Requesting “non-Ketabi” People to Take a Conclusive Oath not Conjoined with the Word “Allah” Under the Jordanian Legislation: A Comparative Study

Maher Jaber Aljaber


All laws entitle people to claim for their rights. That can be done under a litigation system. That can be done through filing a lawsuit and providing a proof in accordance with the provisions of the law. Under the Jordanian legislations, there are several types of proofs; (written documents, testimony, physical proof, confession, oath and expertise).Thus, taking the oath is one of the types of proofs under the Jordanian legislations. The oath is taken for settling conflicts between the disputed parties. The Arab legislations – including the Jordanian legislations- are derived from the Islamic jurisprudence and Shariah. For instance, it’s not permitted -under the Arab legislations- to request people to take a conclusive oath that is not conjoined with the word “Allah”. If the oath is not conjoined with the word “Allah”, the oath shall not be considered admissible nor binding. Hence, the present study aimed to shed a light on the legitimacy of requesting “non-Ketabi” people - (i.e. the ones who aren’t Muslim, Christian nor Jewish)- to take a conclusive oath that’s not conjoined with the word “Allah”. The present study also aimed to identify whether such an oath is considered binding or not. It also aimed to identify the legal implications derived from taking such an oath. It adopts an analytical inductive approach. The researcher reviewed the opinions of several Islamic jurists.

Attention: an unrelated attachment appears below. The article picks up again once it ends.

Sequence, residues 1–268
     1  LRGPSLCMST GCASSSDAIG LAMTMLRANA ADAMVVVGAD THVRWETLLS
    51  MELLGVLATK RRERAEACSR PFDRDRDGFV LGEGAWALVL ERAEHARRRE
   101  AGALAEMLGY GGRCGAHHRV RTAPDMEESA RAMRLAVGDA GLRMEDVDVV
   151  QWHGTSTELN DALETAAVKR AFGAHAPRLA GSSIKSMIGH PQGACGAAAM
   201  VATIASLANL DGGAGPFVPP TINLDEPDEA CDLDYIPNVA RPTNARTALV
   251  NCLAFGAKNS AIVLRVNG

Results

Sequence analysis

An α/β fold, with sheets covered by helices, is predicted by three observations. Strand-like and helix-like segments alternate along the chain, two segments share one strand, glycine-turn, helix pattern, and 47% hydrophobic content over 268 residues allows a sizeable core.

Keywords: Conclusive Oath, Supplementary Oath. Believers in Allah, Non-Believers in Allah.

DOI: 10.7176/JLPG/85-17

Publication date:May 31st 2019

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